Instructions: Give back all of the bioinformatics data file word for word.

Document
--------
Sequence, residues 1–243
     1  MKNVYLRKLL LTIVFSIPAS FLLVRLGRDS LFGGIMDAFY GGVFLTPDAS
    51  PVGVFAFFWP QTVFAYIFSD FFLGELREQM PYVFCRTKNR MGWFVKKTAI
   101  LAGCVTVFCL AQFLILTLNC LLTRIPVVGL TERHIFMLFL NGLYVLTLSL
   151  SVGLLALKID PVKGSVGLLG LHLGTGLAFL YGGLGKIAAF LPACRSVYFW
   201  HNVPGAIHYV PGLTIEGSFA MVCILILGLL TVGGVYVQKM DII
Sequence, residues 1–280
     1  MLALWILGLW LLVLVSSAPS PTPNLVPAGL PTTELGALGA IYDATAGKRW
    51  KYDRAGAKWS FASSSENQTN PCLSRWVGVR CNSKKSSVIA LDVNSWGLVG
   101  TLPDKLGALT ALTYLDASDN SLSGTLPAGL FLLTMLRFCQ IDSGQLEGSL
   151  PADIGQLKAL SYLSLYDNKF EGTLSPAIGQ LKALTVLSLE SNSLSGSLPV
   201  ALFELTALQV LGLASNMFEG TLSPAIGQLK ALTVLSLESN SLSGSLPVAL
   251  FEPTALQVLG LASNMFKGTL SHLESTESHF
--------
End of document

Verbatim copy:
Sequence, residues 1–243
     1  MKNVYLRKLL LTIVFSIPAS FLLVRLGRDS LFGGIMDAFY GGVFLTPDAS
    51  PVGVFAFFWP QTVFAYIFSD FFLGELREQM PYVFCRTKNR MGWFVKKTAI
   101  LAGCVTVFCL AQFLILTLNC LLTRIPVVGL TERHIFMLFL NGLYVLTLSL
   151  SVGLLALKID PVKGSVGLLG LHLGTGLAFL YGGLGKIAAF LPACRSVYFW
   201  HNVPGAIHYV PGLTIEGSFA MVCILILGLL TVGGVYVQKM DII
Sequence, residues 1–280
     1  MLALWILGLW LLVLVSSAPS PTPNLVPAGL PTTELGALGA IYDATAGKRW
    51  KYDRAGAKWS FASSSENQTN PCLSRWVGVR CNSKKSSVIA LDVNSWGLVG
   101  TLPDKLGALT ALTYLDASDN SLSGTLPAGL FLLTMLRFCQ IDSGQLEGSL
   151  PADIGQLKAL SYLSLYDNKF EGTLSPAIGQ LKALTVLSLE SNSLSGSLPV
   201  ALFELTALQV LGLASNMFEG TLSPAIGQLK ALTVLSLESN SLSGSLPVAL
   251  FEPTALQVLG LASNMFKGTL SHLESTESHF